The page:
In a deal with prosecutors, Ketchum has agreed to plead guilty to one count of wire fraud. His plea agreement says that in 2014 he used a state car to travel 400 miles to a golf club in western Virginia, paying for the gas with a state issued credit card.
Democratic committee member Mike Pushkin says lawmakers have yet to find anything impeachable on the remaining judges, Justice Robin Jean Davis, Justice Beth Walker and Chief Justice Margaret L. Workman.
He says “the fact of the matter is, what we've heard that has risen to the level of impeachment has to do with Justice Loughry.”
Perhaps because the evidence against Davis, Walker and Workman looks thin, House Judiciary Chairman John Shott is now publicly talking about “looking for a pattern of behavior” at the court that might be worth having lawmakers address. He told West Virginia Strong last month that “in many cases you're looking at individual incidents (of wrong doing) that might not be enough but a pattern that might be enough.”
Shott later told the State Journal that they were looking for “a pattern of excessive and irresponsible spending.”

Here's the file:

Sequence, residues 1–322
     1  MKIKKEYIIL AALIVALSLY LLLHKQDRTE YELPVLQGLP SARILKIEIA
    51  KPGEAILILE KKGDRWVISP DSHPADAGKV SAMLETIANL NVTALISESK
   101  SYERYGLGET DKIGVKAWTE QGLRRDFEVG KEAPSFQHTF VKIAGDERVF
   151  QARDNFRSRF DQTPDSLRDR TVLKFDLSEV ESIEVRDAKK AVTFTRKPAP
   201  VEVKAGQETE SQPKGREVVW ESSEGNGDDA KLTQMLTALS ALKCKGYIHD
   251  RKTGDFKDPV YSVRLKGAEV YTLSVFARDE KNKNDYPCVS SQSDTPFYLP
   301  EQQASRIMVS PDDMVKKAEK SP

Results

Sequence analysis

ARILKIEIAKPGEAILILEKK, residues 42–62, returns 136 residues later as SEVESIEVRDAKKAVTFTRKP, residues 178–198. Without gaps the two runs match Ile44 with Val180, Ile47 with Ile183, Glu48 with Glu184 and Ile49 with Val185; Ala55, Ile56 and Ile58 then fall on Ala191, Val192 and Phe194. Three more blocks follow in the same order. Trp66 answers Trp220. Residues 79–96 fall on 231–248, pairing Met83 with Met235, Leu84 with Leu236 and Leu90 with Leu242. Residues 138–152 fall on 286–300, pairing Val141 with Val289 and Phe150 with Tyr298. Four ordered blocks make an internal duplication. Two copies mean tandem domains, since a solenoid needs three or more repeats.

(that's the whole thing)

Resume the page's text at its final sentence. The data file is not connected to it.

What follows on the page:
Given the date, it now seems all but impossible that voters will get to chose more than one Supreme Court justice this fall. The slow hearing schedule nearing the mid-August deadline for a candidate judge to get ballot access. The resignation of Justice Menis Ketchum – which was announced before, but took effect July 31 – was early enough to allow for his seat to be contested in November. But it no looks to be the only one.
In June Governor Jim Justice told West Virginia Strong that “I think it's always better to have an election. I mean there's no question about that.”
As he put it, “if it need be, I will appoint. But it's always better to hear the people's voice in, my opinion.”